The Foundation—Core Capabilities Required
To realize a holistic approach to supply chain finance, as described in Part 1 of this paper, requires certain capabilities to be available to buyers, sellers, and other participating parties. These capabilities include:
• Shared network platform—many-to-many connectivity with a shared database, and visibility, integrated into the P2P lifecycle.
• Executional framework—workflow engine, document and payment automation, and supplier compliance tools.
• Shared legal framework—binding legal agreements, automated guaranteed payments, connected financial institutions, competition for providing financial services.
Shared Network Platform
Participants need to be connected to each other electronically on a shared network platform. The old paper-based systems will not cut it. To realize the full value of holistic SCF, the network platform must have certain characteristics:
- Many-to-many connectivity—A point-to-point approach quickly becomes overwhelming and economically infeasible with more than a small handful of trading partners. A single network that connects all parties is required.
- Granular, robust security—With everyone on the same network, including competitors, security is paramount. The network must allow private networks to coexist on it, connecting each business to its specific trading partners and service providers (carriers, banks, etc.), with fine-grained control over who is allowed to see what. All messages and stored data should be strongly encrypted and sensitive transactions should require 2-factor authentication.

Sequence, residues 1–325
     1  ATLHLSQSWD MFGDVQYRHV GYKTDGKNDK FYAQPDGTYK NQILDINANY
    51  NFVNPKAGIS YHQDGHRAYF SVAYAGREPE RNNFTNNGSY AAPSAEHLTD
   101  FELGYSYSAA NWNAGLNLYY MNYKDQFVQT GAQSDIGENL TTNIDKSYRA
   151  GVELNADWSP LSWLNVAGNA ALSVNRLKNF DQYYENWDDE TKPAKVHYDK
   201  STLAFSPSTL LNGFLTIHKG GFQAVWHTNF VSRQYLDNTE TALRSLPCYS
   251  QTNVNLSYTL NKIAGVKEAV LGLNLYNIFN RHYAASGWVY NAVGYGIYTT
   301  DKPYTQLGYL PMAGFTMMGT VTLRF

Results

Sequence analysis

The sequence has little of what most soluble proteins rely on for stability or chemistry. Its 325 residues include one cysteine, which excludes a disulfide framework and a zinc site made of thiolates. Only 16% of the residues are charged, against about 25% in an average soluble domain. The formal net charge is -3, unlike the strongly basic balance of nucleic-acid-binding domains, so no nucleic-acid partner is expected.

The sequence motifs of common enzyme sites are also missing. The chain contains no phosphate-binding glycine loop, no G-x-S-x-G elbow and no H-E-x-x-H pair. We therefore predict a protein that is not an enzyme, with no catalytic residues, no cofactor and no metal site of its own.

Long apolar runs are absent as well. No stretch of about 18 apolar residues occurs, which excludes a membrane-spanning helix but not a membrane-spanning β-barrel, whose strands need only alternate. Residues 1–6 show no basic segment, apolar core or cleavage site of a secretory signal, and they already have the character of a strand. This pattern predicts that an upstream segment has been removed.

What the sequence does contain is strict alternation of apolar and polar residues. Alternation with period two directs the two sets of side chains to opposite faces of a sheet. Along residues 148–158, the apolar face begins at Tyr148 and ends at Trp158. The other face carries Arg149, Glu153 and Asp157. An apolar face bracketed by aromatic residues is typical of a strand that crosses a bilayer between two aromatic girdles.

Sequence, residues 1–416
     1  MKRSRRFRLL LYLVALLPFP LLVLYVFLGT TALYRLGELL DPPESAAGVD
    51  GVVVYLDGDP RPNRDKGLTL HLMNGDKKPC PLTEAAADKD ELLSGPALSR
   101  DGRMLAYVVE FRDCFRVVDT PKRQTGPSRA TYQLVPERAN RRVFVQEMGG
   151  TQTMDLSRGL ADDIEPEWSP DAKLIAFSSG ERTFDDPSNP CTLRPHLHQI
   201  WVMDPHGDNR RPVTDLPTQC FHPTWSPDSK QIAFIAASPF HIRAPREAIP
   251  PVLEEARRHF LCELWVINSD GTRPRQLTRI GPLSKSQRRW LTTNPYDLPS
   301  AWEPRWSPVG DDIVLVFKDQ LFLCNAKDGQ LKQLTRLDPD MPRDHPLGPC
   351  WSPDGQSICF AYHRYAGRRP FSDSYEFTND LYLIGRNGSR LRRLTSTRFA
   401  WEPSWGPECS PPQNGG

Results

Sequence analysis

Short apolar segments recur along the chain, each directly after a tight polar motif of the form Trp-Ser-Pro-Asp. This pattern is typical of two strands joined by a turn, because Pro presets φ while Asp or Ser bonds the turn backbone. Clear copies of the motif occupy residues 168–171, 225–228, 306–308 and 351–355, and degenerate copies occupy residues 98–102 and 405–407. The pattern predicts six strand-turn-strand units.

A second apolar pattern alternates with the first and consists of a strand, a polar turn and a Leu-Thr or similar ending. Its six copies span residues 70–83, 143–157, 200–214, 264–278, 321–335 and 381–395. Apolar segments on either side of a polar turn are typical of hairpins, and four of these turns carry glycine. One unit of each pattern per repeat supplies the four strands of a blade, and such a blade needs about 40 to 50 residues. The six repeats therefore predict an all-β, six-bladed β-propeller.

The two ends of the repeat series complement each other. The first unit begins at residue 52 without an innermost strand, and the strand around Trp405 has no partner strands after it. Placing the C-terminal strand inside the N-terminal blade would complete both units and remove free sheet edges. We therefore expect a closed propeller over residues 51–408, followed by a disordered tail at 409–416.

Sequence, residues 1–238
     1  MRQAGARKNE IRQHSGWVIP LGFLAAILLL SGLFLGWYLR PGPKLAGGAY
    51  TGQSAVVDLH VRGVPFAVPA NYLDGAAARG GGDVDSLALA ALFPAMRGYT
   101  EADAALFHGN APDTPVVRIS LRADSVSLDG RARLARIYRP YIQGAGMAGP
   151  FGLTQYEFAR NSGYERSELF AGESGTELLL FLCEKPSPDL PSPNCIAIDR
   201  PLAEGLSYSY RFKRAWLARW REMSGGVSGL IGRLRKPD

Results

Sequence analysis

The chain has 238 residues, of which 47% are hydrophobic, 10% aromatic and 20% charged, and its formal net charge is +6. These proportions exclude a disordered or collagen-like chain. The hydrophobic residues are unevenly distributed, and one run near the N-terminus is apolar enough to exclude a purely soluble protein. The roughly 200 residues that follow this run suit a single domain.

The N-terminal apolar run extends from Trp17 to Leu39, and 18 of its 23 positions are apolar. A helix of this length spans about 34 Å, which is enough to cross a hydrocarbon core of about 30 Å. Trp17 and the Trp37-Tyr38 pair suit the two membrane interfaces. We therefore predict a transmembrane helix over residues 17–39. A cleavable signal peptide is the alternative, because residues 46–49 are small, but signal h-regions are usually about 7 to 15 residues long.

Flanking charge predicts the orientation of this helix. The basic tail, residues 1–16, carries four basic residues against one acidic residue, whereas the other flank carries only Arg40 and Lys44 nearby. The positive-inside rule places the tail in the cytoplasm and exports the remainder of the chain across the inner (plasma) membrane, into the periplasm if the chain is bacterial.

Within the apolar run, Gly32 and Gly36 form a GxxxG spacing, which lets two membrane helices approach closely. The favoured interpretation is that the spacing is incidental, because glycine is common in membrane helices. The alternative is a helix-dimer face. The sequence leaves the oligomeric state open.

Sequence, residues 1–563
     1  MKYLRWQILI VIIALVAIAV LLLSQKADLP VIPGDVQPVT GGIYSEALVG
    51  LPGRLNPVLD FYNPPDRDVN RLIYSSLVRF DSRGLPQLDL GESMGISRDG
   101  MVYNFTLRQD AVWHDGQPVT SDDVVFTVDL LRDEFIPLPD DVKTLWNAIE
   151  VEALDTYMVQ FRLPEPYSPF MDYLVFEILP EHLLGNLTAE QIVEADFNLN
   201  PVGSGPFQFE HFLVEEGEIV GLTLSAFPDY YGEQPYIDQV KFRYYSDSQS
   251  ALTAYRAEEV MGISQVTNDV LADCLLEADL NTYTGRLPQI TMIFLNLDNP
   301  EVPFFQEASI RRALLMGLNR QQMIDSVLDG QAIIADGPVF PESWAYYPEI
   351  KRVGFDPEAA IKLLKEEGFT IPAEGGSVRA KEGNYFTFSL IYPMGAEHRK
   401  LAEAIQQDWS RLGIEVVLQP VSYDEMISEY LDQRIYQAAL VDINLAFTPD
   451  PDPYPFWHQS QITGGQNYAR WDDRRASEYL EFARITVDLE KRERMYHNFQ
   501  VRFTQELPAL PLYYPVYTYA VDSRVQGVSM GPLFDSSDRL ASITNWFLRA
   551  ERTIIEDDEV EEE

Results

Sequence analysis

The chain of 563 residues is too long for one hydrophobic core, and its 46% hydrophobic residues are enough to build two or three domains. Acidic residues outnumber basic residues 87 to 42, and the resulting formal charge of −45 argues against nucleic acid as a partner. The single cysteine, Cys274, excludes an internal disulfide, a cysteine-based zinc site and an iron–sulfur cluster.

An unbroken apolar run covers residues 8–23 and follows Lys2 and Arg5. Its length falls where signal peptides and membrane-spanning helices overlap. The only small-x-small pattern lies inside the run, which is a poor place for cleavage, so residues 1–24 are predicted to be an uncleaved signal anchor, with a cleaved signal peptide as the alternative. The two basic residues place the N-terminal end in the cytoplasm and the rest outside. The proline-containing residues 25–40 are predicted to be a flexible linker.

- Full P2P lifecycle integrated with SCF—The platform should support the full purchase-to-pay lifecycle, from capturing the purchase order all the way through to settling the payment. Supply chain finance required to obtain financing.
- Single-Version-of-the-Truth (SVoT)—Once data is entered into the system, it should never have to be re-keyed. The data from the P.O. should automatically flow into creating shipping documents, which are in turn automatically used in creating the invoice. At any point in time, all participants see exactly the same data about what was requested, planned, and actually executed, dramatically reducing disputes about what actually happened.
- Near real-time milestone and event visibility—Mechanisms are in place to record events and milestones in near real-time. These milestones can include raw materials ordered, production milestones, shipments made, goods received, and so forth. Authorized users (with appropriate security rights) can subscribe to see whichever events are relevant to them. When events occur, including exceptions like damage to goods, or items failing inspection, the same data is visible to all who have the authority to view it.